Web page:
How to Protect Your Assets When You are Getting Married

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Congratulations! You are getting married. Now you may feel what other couples would have felt whose marriages you have attended. You are starting a new life; excitement and joy have flooded inside you. Marriage is not all about romance; it brings many responsibilities too. Before you take vows, you should discuss finances especially when one of the partners has significant wealth and children from previous marriage.

Getting marriage can also be financially beneficial as you can share wealth and debt, but as a couple, you must be clear with financial expectations before you start your relationship. Over a few years, many marriages have ended through divorce. In some cases, the situation was so worse that both the partner argued over who would pay off loans in Ireland that they took out to finance their marriage. Here is how you can protect your assets:

Converse with your partner

Sit down and start an honest conversation about budget, debt, lifestyle, children, retirement, goals, plans and the like. You will probably not discuss all phases of life or your partner is not likely to agree upon what you propose, but this discussion will at least help you have an idea about your partner’s perspective toward finances. For instance, opening a joint account can be a horrifying experience if your partner does not care about borrowing for a better lifestyle.

Take guidance from a financial counsellor. Any joint account will require a lender to peruse the credit report of yours and your spouse. If your partner’s credit report shows high default risk, you may likely be tempted to take on the financial responsibility. Before you take any step, always remember that you will be entirely responsible for settling the debt even if you have parted.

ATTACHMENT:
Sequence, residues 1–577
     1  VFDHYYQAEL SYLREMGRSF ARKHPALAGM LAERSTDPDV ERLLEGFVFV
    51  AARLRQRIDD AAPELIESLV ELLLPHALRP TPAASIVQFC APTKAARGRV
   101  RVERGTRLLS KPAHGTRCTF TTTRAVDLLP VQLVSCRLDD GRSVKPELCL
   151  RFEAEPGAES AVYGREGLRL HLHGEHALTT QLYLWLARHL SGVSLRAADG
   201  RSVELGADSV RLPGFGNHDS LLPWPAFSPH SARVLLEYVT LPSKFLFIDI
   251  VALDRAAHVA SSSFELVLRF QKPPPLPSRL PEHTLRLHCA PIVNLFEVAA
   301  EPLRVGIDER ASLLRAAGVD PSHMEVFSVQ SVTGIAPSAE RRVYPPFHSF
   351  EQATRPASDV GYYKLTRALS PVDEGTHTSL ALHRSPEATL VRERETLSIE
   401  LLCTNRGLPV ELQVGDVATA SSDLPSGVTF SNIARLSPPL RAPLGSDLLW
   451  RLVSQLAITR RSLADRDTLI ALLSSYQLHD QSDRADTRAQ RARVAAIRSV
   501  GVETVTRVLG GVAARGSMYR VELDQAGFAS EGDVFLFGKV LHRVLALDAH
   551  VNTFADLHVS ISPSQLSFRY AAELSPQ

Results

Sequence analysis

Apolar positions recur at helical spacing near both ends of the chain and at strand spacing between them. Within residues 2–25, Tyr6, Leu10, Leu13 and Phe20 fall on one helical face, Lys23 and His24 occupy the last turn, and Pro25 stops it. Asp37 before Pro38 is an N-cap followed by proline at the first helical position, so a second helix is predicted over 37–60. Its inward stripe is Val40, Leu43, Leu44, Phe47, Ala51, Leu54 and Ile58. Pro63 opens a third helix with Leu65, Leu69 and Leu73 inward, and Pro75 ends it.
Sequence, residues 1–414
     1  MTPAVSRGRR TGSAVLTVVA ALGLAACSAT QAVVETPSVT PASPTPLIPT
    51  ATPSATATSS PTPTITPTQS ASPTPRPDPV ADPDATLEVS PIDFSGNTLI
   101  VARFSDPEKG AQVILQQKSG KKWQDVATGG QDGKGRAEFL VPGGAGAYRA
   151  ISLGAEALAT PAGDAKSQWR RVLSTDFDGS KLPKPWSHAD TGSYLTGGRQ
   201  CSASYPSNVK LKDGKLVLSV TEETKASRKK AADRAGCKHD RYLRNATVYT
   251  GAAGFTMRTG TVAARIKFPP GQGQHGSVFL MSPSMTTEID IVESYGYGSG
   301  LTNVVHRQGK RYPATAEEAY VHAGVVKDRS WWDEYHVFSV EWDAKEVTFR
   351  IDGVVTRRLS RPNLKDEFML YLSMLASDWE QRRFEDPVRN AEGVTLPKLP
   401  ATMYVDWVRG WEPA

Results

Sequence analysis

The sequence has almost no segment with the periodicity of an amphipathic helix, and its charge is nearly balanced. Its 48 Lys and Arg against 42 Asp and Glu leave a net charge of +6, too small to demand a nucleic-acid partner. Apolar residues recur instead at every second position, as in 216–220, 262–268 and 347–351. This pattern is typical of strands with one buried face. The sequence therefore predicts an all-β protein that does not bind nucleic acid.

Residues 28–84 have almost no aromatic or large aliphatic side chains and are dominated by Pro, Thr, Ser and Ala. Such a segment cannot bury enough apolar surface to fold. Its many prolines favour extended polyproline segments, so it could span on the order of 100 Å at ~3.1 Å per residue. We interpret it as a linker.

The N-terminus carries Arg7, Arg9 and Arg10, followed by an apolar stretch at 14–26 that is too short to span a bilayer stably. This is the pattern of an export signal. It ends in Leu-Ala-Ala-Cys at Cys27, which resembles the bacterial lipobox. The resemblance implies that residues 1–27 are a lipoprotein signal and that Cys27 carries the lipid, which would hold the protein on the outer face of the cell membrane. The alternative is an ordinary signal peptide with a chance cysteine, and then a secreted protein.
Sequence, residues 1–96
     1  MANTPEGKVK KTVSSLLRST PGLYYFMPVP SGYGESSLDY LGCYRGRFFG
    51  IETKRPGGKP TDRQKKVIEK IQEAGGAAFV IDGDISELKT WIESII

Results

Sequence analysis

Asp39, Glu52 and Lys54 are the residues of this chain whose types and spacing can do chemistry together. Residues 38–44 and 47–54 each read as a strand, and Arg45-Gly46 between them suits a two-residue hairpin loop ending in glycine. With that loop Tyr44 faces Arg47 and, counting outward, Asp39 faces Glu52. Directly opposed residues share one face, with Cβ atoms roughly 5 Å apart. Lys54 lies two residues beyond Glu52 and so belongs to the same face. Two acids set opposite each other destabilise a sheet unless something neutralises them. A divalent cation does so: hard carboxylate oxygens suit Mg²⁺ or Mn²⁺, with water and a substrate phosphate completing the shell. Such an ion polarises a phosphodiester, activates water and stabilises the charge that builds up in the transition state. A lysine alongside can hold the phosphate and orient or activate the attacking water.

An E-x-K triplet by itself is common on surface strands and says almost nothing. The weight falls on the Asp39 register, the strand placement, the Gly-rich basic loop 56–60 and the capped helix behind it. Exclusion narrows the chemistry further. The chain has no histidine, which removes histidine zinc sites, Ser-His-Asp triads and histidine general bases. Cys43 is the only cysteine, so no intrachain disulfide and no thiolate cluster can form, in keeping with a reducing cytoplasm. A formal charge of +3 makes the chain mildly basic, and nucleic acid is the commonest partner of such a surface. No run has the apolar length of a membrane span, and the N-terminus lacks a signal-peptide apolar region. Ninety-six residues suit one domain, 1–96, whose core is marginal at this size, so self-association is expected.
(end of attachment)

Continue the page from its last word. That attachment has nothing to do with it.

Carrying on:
For a successful marriage, you have to be honest with your spouse. Discuss your loans that you currently owe. Ideally, your spouse is not legally bond to pay off what you owed before marriage but can contribute to payment. It is important that your spouse does not get surprises after marriage that may take a toll on your relationship.

Maintain records

Even if you open a joint account to hold funds that you own after marriage, do not mix them with premarital funds. Since starting you should be organised with your money. If you receive any monetary benefit or gift, you must keep it separately. Make sure that you do not add further contribution to that account because you will have to prove it how much you added to it at the time of divorce.

Joint account can also raise an issue at the time of separation if you have not been consistent with your contribution. For instance, you and your partner decide to transfer equal share to the joint account and eventually your spouse loses the job. Unless your partner lands a new job, you continue to add up the balance. You should have a record when and how much money you put in the account. Otherwise, you are likely to get only half of the balance due to lack of evidence.

Prenuptial agreement

Some couples treat prenuptial agreement very negatively, but this may ease the pressure off your shoulder and you will be able to live your life with more peace and calm. It is important that you and your partner both agree to the contract. Make sure that you have your own attorneys and you know what is listed in the agreement before signing it. Prenuptial agreement plays a crucial role when you have children from your previous marriage. Having mentioned estate in the agreement makes sure that that will pass on to your children not your spouse. However, you do not need to emphasise it if you do not have kids from your ex-marriage.

Do not ignore property appreciation

Any appreciation in premarital property post marriage is considered marital property and hence your spouse has the right to claim that money provided the appreciation is active. Some of the properties cause passive appreciation like increased value of public stock. For instance, you have bought some exchange before your marriage of which prices increased after your marriage. The increased amount will be totally yours because you did not make any effort to increase their value. Unlike passive appreciation, active appreciation requires your efforts. This is more common in case of house. For instance, you have a property of which prices increased as you have got it refurbished, the increased value will be marital property even though your spouse was not involved in it.

Financial planning before wedding may seem to be very monotonous and tiring, but it is important that you know about spending habit and financial goals beforehand. Monetary problems and poor money management skills often lead to divorce. You can stop these precursors from ruining your relationship if you have tied emotional as well as financial knot with your partner.

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